In the modern, world saturated with digital media devices, the post-industrial, infocommunication culture supplants the previous ones. However, these cultures are far from passive. Like urbanization itself, as an infocommunication culture, they more or less fully exist and are described in the philosophy of the ancient world, the philosophy of the Renaissance, and further in modern history, sociology, psychology, fantasy-fiction and non-fiction literature, etc. Numerous and multidirectional phenomena of reciprocal influence (in the face of migrations and (new) nomadism, terrorism, etc. phenomena, reflecting more or less large and local "clashes of civilizations" in the form of city riots, etc. (Weber, 2017, p. 240-245). Important and interesting points are considered in the works on the territorial behaviour of humans and animals, including the phenomena of territorial aggression and "survival", etc. (Arpentieva, 2015; Bestuzhev-Lada, 2010). In the urban part of the continuum, man has to adapt himself to the way of life for which superficial properties are typical contact, individualized life, excessive psychological stress, in particular, “communicative overwork”.
In many countries of socialism and post-socialism, urban processes have had and have certain features, including:
the critical shortage of housing in cities, difficulties in obtaining it;
a large outflow of people from the village and a shortage of food products;
industrial character of cities associated with the cultural and social dependence of the state and life of the population on the success and lives of several enterprises;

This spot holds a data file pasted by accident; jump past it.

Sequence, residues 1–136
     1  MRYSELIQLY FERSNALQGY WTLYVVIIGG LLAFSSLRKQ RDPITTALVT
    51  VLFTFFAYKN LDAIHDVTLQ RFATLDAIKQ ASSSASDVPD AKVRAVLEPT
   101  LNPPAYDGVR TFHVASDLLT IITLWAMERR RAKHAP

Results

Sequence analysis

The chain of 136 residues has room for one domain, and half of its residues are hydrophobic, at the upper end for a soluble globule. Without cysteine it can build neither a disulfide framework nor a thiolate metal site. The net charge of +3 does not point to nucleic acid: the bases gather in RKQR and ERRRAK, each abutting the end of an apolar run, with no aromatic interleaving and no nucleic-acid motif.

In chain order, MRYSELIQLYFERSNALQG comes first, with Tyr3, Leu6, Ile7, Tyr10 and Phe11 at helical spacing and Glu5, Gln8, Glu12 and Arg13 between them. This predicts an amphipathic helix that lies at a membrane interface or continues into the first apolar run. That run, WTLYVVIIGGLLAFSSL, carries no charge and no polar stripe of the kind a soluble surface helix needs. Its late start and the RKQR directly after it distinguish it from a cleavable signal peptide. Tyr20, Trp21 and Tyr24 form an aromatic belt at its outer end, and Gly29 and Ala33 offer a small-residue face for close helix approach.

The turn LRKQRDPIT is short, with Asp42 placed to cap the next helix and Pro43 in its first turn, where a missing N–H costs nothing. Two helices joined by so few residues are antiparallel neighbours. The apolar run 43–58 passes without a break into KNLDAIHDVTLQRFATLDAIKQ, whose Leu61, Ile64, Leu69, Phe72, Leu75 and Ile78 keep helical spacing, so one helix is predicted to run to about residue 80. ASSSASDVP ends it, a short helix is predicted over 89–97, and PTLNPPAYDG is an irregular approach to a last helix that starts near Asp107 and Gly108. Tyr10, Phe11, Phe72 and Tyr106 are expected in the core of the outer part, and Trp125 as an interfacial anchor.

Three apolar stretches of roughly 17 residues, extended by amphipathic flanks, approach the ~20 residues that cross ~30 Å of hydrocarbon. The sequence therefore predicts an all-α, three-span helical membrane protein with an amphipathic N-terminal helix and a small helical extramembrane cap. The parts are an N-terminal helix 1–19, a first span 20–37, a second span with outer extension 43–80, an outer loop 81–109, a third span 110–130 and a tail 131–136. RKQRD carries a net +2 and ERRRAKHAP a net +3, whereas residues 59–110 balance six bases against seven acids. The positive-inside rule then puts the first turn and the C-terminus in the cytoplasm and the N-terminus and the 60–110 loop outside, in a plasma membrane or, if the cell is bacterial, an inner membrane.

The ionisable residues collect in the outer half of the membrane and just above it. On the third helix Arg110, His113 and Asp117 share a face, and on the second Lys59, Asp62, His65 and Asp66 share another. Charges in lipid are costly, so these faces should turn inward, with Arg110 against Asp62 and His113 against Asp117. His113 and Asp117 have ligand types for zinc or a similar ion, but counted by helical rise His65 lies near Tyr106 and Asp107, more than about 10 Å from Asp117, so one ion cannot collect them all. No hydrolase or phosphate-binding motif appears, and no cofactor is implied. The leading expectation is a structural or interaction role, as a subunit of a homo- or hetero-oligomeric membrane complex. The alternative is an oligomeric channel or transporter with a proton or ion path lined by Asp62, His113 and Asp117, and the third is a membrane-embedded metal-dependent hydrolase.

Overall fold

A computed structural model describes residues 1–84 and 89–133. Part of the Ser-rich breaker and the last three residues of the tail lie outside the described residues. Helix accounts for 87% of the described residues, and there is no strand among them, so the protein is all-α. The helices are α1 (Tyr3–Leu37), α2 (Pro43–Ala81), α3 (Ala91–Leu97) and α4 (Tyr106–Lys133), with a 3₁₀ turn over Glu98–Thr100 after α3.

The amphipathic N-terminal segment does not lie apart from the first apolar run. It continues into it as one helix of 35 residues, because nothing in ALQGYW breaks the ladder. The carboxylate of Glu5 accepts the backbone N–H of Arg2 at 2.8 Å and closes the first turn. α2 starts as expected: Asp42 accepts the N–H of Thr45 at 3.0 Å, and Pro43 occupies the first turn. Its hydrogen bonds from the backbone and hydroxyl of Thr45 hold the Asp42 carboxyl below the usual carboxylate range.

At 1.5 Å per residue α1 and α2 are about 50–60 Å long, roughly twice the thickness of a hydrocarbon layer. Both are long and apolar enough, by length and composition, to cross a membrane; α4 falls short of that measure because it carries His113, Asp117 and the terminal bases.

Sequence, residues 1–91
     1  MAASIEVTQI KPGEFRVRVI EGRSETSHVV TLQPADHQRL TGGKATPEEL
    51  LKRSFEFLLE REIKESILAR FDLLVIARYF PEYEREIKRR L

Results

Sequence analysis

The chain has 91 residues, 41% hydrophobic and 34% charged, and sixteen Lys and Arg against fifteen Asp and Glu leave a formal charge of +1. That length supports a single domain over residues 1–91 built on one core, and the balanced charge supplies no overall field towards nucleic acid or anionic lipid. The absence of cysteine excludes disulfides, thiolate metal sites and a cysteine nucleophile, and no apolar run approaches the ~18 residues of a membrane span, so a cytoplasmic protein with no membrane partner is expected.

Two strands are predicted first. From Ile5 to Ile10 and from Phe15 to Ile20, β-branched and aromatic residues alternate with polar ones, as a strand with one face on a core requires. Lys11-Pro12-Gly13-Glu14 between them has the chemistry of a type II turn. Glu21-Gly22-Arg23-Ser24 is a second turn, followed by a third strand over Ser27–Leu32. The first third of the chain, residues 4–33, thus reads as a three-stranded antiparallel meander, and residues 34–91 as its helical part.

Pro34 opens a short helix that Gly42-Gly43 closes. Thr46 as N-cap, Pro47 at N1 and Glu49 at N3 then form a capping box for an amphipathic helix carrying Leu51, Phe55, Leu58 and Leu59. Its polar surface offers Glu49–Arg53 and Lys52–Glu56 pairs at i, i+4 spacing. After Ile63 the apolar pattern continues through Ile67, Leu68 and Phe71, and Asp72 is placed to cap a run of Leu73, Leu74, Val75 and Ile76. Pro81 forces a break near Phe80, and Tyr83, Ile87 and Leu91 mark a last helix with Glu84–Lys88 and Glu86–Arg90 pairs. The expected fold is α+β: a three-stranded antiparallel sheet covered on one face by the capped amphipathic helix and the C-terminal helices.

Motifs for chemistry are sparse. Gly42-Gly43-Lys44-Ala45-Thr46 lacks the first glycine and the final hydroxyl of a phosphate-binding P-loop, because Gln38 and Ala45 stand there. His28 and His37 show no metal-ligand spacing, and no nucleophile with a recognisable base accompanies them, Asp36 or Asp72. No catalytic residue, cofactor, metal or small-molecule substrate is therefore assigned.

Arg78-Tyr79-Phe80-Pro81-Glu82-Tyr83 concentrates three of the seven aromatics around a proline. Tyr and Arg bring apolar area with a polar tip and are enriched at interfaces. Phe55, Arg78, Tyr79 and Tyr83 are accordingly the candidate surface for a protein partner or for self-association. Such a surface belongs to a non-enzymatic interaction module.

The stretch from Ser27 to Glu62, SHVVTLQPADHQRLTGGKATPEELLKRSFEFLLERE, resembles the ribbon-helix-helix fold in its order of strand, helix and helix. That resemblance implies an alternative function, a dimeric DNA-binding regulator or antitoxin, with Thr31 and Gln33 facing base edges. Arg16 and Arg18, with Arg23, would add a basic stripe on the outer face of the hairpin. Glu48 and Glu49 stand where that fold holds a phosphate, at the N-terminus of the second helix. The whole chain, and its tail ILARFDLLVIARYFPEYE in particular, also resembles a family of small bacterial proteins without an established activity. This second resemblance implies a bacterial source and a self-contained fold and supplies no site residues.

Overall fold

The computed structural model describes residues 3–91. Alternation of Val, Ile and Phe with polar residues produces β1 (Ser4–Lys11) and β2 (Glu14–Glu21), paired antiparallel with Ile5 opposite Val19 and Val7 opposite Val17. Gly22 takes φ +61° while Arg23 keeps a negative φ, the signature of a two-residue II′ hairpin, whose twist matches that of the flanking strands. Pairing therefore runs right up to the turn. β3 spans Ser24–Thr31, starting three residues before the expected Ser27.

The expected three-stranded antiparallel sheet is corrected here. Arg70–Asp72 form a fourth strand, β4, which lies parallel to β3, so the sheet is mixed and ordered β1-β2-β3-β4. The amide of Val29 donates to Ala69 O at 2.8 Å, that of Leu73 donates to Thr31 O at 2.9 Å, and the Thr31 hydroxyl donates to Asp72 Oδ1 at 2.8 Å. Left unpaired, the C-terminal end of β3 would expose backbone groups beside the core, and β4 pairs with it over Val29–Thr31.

minimalism of the leisure sphere in small cities and settlements of city type;
"shift" method of settling individual cities, etc.
Now, these processes have been supplemented with the growth of agglomerations and the extinction of small cities (as a result of migration and mortality due to the ruin or destruction of city-forming enterprises and the anti-economic, genocidal and cultural activities of cities and businesses, including targeted genocide using biochemical warfare, etc.).
These features leave a strong imprint on the development of urban media: urban media in many cities, especially small and medium-sized ones, are not able to work in full force, with a full awareness of their mission and ways to achieve it. On the contrary, they are forced to adapt to the demands of the "crowd", as well as the crowd-manipulating government and business structures.